The Rhodesian Prime Minister, Ian Smith, has flown home from Switzerland with the Geneva Conference on Rhodesia in deadlock.
SV Rhodesia Conference Chairman Ivor Richard of Britain out of car and walking towards building - Geneva, Switzerland
CU Richard addressing newsmen
SV Rhodesian nationalist leader Reverend Ndabaningi Sitehole interviewed
SV Rhodesian Prime Minister Ian Smith our of car and entering building
CU Smith addressing newsmen
TRANSCRIPT: REPORTER: "The only thing left now is for the British Chairman to declare the conference adjourned. Mr. Ivor Richard returned from London in mid afternoon and he had this to say about the status of the conference now."
RICHARD: "I think having now gathered in all the opinions of all the delegations, I think it is now for the Untied Kingdom to consider those views very seriously and indeed come up with some new ideas. The use of British troops in Rhodesia I would have thought was a possibility so far at the extreme of implausibility that one ought to rule it out."
REPORTER: "As far as you're concerned, the conference is about to collapse?"
SITHOLE: "As far as I'm concerned, yes."
REPORTER: "And where do you see it going on from there?"
SITHOLE: "Well as far as the African nationalists go this means a more intensified armed struggle. It would seem to me that Mr. Smith is lightly dealing with us. He doesn't seem to understand the depth of our seriousness when we say we demand majority rule in Zimbabwe. And since he doesn't seem to understand our seriousness, the depth of our commitment to the liberation of Zimbabwe, it means we have got to make him see it. And the only way of making him see it is to intensify the armed struggle more than we have done in the past."
Mr. Smith met Mr. Richard for discussion of Britain's current position. The Rhodesian Prime Minister was asked by newsmen if he was abandoning the conference.
SMITH: "There's no question of me abandoning the conference. You know I went away before back to Rhodesia. I've got things to do and I have a very able delegation which I leave here. Two Ministers and high ranking government officials. So any thought of abandoning the conference doesn't come into the thinking of the Rhodesian government. I want to make that clear. I came here basically to see if I could get the conference back on the rails. I can't say I've meet with a great deal of success. But I think it is a possibility, what has transpired over the last weekend, I think may be the next few days or maybe the next few weeks might prove, I don't want to put it stronger than that, might prove that things are going to change for the better.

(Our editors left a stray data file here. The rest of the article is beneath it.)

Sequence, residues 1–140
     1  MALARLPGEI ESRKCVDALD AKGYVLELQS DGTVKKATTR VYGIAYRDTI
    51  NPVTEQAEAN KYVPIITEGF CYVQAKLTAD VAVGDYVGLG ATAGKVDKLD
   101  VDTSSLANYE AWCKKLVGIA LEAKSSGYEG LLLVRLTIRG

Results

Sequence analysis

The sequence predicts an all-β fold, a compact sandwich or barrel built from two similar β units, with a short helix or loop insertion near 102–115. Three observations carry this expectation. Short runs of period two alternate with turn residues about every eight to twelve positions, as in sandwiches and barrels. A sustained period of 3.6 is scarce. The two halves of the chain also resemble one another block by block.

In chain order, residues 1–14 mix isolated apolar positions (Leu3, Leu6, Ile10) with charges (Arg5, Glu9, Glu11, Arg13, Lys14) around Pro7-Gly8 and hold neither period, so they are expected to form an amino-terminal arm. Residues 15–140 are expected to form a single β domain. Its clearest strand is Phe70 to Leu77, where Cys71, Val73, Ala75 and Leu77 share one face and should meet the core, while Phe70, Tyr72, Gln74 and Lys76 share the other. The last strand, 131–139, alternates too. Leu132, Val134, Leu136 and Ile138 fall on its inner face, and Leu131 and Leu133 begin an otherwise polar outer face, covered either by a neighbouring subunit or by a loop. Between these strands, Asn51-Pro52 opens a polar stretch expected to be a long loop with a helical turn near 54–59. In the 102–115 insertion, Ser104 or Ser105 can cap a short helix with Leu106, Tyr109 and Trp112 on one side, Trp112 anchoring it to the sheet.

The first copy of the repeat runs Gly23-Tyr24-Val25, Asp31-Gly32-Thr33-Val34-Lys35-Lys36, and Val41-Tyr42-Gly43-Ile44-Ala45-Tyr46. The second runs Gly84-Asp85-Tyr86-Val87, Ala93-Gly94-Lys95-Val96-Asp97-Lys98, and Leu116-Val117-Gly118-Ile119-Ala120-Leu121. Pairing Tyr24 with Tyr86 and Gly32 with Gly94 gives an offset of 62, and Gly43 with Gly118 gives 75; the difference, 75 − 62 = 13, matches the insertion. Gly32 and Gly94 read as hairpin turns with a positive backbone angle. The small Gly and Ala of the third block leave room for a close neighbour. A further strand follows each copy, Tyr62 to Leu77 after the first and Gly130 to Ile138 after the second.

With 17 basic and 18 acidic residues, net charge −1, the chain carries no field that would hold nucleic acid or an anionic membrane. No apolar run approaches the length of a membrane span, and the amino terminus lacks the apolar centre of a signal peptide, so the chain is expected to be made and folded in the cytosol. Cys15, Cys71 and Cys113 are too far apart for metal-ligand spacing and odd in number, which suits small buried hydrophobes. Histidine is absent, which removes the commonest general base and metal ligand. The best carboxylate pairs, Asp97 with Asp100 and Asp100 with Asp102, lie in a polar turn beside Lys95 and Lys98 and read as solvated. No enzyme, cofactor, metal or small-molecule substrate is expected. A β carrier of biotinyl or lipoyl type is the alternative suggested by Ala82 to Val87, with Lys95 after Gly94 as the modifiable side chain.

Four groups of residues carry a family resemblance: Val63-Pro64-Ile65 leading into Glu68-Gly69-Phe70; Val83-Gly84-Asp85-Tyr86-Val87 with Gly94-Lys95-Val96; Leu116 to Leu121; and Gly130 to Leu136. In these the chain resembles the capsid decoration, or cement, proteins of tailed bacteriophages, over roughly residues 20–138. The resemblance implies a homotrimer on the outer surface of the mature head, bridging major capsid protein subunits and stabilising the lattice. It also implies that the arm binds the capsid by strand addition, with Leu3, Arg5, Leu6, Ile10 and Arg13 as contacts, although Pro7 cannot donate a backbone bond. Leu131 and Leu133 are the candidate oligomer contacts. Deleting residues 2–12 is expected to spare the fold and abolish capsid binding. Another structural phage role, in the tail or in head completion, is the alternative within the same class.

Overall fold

Nationalist guerrillas shot dead two African civilians and a coloured (mixed race) Rhodesian soldier in attacks inside African townships in the Rhodesian town to Bulawayo, a security fore communique announced on Sunday (12 December).
BRENDAN FARROW & ROBERT ELPHICK
Script is copyright Reuters Limited. All rights reserved
Background: The Rhodesian Prime Minister, Ian Smith, has flown home from Switzerland with the Geneva Conference on Rhodesia in deadlock. Now, black nationalist leader Ndabaningi Sithole says guerrilla activity in Rhodesia should be intensified. But hopes that Britain would send troops to give support to a black interim government before final majority rule, were lost on Sunday (12 December) when the Conference Chairman, Ivor Richard, returned to Geneva. He'd been back to London to consult his superiors. A reporter in Geneva takes up the story.